Tuesday, January 11, 2011

two thousand hours

I have just completed 2000 hours of watching TV in Chinese. Hip hip hooray!

This completes my 2000 hour silent period, and I now give myself permission to speak Chinese freely. Except for one restriction! I will not speak until I'm ready (haha). That is, not until I am ready to record my first Chinese conversation with a native speaker.  Hopefully that will be sooner than later.  I wouldn't want to cheat anybody by having a warm-up period, that is, getting a little practice off camera. No, I just want to record my very first real conversation.  And hopefully when it's done, we'll be able to call it a conversation too.

I'm curious to see how I sound speaking Chinese and if I've learned any useful words or phrases from all these dramas I've watched.

If you've been following my blog for the past 2 years, you already know that during this 2000 hour period I have not looked up any words or done any sort of study, including grammar. I did know some words prior to starting the TV method, but I have never studied Chinese grammar.  I'll perhaps write a post to consolidate what I have done in attempts to start learning Chinese.

About a year ago, I had just completed 800 hours. Things went pretty well until August when my focus changed to making sure I was ready to pass two IT exams for one certification. So I'm a little late in arriving at this point, but it doesn't matter.

Now, I'll have more time to write posts or do whatever I want and I'll be spending less time getting my hours in. I think I've completed the necessary groundwork for becoming a native speaker of Chinese, although I'll keep watching TV in Chinese and continue to grow that language.

Look for my next post when I try to answer all the questions that are going to be asked in the comments of this post!


  1. I am really looking forward to finding out how this worked!

    How well do you feel that you understand dialog in TV shows? Do you think there's any point that you could have sped things along by studying, or were the benefits of learning naturally worth taking it slower?

    Did you have any initial problems with boredom while watching Chinese shows, since you couldn't understand them? If so, at what point did the shows become fun to watch?

    Actually, those questions seem like they could fill a whole blog post... :)

  2. Congratulations for reaching this milestone, and I'm also looking forward to reading more about your experience and your level of comprehension!

    Why do you want to record your very first conversation in Chinese? Do you want to demonstrate that the TV method leads to fluent speaking without any transition period? For students of the ALG method, speaking is rarely perfect in the beginning, but because the correct language and pronunciation patterns are firmly established in their brains, they are able to self-correct over time and arrive at native-like proficiency. But it still takes some speaking to get there. At least, that's what ALG claims. You're trying to do something much more radical! :) Anyway, as I said, I'm looking forward to reading and hearing more!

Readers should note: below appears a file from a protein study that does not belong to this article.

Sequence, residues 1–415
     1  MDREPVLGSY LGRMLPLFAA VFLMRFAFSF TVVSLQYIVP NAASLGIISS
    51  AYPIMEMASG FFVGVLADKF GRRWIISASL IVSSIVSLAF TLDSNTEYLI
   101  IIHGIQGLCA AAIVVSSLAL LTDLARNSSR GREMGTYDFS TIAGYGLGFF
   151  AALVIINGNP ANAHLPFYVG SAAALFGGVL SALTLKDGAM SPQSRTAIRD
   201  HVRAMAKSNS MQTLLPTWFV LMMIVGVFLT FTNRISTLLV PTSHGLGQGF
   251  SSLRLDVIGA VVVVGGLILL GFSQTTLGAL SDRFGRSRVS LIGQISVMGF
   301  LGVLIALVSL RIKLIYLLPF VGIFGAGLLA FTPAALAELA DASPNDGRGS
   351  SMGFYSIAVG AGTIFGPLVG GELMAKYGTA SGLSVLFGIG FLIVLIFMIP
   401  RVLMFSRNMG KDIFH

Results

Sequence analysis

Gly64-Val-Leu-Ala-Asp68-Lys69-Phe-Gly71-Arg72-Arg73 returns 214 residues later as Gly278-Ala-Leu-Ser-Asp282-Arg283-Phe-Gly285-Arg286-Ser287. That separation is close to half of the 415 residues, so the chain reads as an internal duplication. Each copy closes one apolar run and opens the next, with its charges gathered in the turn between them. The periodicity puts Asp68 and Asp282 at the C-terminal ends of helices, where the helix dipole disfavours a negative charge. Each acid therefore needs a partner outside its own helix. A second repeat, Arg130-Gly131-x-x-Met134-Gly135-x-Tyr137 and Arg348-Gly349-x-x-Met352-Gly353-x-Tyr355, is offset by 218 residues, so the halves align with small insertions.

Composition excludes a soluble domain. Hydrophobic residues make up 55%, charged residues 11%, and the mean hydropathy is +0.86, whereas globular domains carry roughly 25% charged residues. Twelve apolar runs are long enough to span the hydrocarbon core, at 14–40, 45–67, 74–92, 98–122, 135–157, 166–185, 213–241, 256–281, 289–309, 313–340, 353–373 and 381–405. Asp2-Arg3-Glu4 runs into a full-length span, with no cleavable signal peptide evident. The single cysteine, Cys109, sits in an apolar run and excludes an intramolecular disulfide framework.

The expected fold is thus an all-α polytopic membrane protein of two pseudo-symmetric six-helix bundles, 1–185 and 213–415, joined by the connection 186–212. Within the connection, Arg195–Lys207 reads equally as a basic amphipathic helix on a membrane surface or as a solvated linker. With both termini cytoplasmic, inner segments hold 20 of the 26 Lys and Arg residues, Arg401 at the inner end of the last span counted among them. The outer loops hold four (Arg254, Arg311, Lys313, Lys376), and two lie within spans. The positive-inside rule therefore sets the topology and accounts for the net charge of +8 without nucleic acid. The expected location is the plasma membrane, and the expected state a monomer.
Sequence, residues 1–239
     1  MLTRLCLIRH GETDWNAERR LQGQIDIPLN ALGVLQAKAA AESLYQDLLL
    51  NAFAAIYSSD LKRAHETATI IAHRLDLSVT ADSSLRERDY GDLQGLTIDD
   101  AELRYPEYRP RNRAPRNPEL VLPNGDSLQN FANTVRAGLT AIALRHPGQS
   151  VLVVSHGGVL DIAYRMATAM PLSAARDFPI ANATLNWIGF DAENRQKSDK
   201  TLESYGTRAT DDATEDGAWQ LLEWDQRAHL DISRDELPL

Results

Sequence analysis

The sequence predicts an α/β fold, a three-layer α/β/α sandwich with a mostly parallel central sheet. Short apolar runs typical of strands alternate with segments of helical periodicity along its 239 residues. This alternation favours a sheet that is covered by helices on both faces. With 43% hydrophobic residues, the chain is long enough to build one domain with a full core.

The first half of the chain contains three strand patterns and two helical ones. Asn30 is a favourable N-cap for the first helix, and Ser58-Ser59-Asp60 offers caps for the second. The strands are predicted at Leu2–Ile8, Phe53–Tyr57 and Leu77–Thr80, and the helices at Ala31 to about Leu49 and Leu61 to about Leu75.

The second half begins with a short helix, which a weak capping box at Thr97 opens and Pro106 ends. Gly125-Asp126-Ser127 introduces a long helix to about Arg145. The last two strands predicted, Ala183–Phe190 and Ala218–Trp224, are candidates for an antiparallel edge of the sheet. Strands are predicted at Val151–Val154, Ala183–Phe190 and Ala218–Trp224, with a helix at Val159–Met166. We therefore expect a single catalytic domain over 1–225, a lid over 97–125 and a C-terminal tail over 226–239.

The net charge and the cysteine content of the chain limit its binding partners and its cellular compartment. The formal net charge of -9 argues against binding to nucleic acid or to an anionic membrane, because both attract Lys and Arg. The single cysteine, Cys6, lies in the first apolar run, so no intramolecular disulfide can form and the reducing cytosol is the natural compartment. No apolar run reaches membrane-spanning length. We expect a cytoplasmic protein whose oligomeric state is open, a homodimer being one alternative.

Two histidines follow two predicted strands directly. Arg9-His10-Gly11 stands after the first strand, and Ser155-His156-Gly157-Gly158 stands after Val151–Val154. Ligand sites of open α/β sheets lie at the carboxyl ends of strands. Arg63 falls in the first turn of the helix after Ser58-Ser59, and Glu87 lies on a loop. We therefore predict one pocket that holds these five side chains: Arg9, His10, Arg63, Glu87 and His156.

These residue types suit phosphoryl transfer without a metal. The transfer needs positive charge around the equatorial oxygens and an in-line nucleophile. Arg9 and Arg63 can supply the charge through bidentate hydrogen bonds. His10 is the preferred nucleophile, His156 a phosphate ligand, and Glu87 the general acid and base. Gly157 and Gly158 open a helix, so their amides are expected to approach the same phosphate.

3. I am curious about your listening skills. How much do you understand? 70%, 90%... If you listen isolated audio, like Mandarin radio, do you understand anything?

  4. I'm really curious to know how much you understand, and how well you can understand different levels of difficulty. I've recently become really interested in ALG methodology and have switched to massive amounts of Japanese input via TV shows and movies etc, although I had studied grammar prior to switching I never really got past a basic understanding. I'm slightly worried about the 'ceiling' they talk about in ALG, but I'm hoping that since I no longer SRS and no longer look words up that those 1-1 connections will fade and new monolingual connections will grow. I've already picked up so much just from watching kids programming and dramas that aren't too difficult as well as Pixar movies in Japanese.

    I'm only at around 100+ hours, but I came in with a few thousand words of vocabulary already. However 2000 hours of Chinese with no look ups is really impressive over 2 years it sounds like? I'm interested to know how well you can understand and how you feel about your fluency listening/reading(if you began studying reading yet)/etc.

  5. I too am very interested to see how this has worked so far. Even if you are just able to do basic things I would call it a success! I envy you. I watch a lot of TV in Arabic, but I started doing that after I had learned the basics and could understand a lot of it. I built on what I knew and TV helped me immensely since I didn't have access to native speakers.

    You, however, have started on Chinese TV with little to no knowledge. 2000 hours is a hell of a lot and I really hope it works. I believe that it will.

  6. Just an idea, but could you make a list of all the shows (or at least some of them) that you watched in your 2000 hours?

  7. Impressive. Congrats, seriously! I don't know if there exist enough things I could possibly stand to watch in Chinese to fill 2000 hours. I fell in love with but one show and everything eles pales in comparison (别了温哥华).

  8. Felicitations from a Native Chinese speaker who has completed his 1500 hours of audio input in French. Hope we can be the motivation for each other.

  9. Herman, I'd like to hear your story. Feel free to email me.

  10. Maybe u should also add to the excel sheet your rating of the drama or your enjoyment of watching it ( I guess irregardless of comprehension,) . Maybe some peOple wouldn't mind. C drama recommendations


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